Peter Duggan, Strategic Information Services, Bord Bia
Following on from the developments highlighted in a previous FoodAlert article, it’s appears that the European cereal market is showing signs of stabilising. However, North American trade continues to be driven by uncertainty surrounding the quality of the Canadian crop.
European cereal prices have eased from their peaks in mid August. French feed barley has eased from €194/ tonne to €183/tonne. Likewise, German feed barley and feed wheat have tailed off over recent weeks. On the other side of the Atlantic, prices for Canadian barley, US soya beans and US maize reached yearly highs in the latest week ending the 10th September.
The latest USDA monthly forecast downgraded global wheat output projections for the current season by almost 3 million tonnes to 643 million tonnes. This is on the back of further easing in Russian output and lower than expected yields in the EU-27 region. Some upgrade in forecasts for Canadian output is expected, although it is still expected to be 15% lower than last year.
If recent upward adjustments in Australian output by Abare are factored into future prospects, an increase of 3 million tonnes on June’s estimate to 25 million tonnes is anticipated in the coming harvest. As one of the leading global wheat exporters, this could relieve some of the pressure on International supplies.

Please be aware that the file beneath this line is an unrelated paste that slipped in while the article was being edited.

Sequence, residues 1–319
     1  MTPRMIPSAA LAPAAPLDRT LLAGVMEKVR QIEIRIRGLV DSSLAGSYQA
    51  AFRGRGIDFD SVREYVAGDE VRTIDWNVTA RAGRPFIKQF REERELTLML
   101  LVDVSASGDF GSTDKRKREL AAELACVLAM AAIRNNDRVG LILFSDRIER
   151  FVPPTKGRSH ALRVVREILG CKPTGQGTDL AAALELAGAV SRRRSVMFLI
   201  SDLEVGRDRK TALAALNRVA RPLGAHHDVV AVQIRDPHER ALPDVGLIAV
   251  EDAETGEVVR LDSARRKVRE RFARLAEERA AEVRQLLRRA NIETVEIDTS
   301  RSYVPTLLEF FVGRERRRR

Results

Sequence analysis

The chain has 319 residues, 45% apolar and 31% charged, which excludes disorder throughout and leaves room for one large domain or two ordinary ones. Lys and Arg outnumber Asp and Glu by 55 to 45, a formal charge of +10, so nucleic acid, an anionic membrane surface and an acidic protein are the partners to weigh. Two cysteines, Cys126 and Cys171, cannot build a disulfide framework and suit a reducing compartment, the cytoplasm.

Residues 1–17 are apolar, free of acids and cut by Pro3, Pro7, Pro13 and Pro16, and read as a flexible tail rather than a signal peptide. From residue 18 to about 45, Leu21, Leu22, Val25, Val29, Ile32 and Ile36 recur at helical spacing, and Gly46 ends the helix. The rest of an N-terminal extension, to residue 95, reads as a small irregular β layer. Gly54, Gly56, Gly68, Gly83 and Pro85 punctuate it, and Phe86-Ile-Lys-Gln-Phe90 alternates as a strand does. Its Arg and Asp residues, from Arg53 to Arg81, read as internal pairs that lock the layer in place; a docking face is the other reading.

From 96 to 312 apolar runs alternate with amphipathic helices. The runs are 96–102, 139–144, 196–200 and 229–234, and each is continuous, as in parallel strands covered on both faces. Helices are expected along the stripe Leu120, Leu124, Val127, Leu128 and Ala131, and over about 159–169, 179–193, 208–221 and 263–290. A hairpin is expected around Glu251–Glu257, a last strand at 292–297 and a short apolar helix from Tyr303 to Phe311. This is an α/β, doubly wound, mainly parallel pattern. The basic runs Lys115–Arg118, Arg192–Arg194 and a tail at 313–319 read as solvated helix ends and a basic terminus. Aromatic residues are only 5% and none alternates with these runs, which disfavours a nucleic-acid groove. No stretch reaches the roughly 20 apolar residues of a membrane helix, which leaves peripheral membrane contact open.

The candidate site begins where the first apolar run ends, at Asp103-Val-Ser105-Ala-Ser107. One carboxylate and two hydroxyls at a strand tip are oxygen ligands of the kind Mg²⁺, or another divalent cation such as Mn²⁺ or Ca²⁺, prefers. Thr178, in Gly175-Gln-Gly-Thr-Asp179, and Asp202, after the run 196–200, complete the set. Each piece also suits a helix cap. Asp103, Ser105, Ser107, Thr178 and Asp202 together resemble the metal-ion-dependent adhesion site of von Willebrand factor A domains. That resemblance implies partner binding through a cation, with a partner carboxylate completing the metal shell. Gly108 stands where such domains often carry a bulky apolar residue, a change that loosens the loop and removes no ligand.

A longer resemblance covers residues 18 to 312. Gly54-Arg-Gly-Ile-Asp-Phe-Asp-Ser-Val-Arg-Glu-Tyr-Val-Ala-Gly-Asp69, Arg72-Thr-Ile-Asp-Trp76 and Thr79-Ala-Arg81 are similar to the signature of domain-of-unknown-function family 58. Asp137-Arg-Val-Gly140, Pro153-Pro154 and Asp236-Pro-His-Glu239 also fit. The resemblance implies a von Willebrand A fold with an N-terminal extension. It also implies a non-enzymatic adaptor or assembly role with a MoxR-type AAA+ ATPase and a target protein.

Looking ahead to next year’s marketing season, concerns are gathering over the lack of adequate moisture levels in much of Russia planned wheat seeding area. FC Stone suggest that only 30% of the area have received sufficient rain to date. Despite closing stocks being revised upwards recently, they are estimated 9% lower at 178 million tonnes for the current season. However, even if lower yields in the Black sea region were to transpire next season, stocks could be utilised from the second largest wheat closing stock recorded this year over the past five years.